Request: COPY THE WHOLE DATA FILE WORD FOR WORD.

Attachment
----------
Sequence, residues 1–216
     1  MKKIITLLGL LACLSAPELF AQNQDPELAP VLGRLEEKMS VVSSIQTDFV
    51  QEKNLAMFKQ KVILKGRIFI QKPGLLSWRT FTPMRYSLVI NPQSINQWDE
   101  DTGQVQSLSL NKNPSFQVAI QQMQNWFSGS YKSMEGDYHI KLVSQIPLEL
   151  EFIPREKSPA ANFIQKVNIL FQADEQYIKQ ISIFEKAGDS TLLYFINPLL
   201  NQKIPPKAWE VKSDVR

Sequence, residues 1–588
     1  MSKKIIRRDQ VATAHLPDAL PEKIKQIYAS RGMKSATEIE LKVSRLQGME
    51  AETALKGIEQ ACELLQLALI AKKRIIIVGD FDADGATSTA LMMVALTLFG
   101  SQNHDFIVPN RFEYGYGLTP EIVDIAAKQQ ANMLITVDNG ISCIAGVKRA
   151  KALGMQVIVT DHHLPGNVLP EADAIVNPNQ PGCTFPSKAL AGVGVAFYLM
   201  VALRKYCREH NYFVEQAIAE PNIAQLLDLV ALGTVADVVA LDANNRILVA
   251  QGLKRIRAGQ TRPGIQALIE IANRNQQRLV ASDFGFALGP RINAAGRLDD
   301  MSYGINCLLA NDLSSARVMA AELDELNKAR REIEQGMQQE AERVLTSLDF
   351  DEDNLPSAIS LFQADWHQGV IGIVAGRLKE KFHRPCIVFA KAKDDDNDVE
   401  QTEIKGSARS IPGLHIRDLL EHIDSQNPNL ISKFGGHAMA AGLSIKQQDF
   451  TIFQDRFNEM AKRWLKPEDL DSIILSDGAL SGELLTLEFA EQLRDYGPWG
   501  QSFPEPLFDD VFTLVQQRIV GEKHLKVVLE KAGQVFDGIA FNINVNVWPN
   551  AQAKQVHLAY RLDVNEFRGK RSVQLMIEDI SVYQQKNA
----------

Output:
Sequence, residues 1–216
     1  MKKIITLLGL LACLSAPELF AQNQDPELAP VLGRLEEKMS VVSSIQTDFV
    51  QEKNLAMFKQ KVILKGRIFI QKPGLLSWRT FTPMRYSLVI NPQSINQWDE
   101  DTGQVQSLSL NKNPSFQVAI QQMQNWFSGS YKSMEGDYHI KLVSQIPLEL
   151  EFIPREKSPA ANFIQKVNIL FQADEQYIKQ ISIFEKAGDS TLLYFINPLL
   201  NQKIPPKAWE VKSDVR

Sequence, residues 1–588
     1  MSKKIIRRDQ VATAHLPDAL PEKIKQIYAS RGMKSATEIE LKVSRLQGME
    51  AETALKGIEQ ACELLQLALI AKKRIIIVGD FDADGATSTA LMMVALTLFG
   101  SQNHDFIVPN RFEYGYGLTP EIVDIAAKQQ ANMLITVDNG ISCIAGVKRA
   151  KALGMQVIVT DHHLPGNVLP EADAIVNPNQ PGCTFPSKAL AGVGVAFYLM
   201  VALRKYCREH NYFVEQAIAE PNIAQLLDLV ALGTVADVVA LDANNRILVA
   251  QGLKRIRAGQ TRPGIQALIE IANRNQQRLV ASDFGFALGP RINAAGRLDD
   301  MSYGINCLLA NDLSSARVMA AELDELNKAR REIEQGMQQE AERVLTSLDF
   351  DEDNLPSAIS LFQADWHQGV IGIVAGRLKE KFHRPCIVFA KAKDDDNDVE
   401  QTEIKGSARS IPGLHIRDLL EHIDSQNPNL ISKFGGHAMA AGLSIKQQDF
   451  TIFQDRFNEM AKRWLKPEDL DSIILSDGAL SGELLTLEFA EQLRDYGPWG
   501  QSFPEPLFDD VFTLVQQRIV GEKHLKVVLE KAGQVFDGIA FNINVNVWPN
   551  AQAKQVHLAY RLDVNEFRGK RSVQLMIEDI SVYQQKNA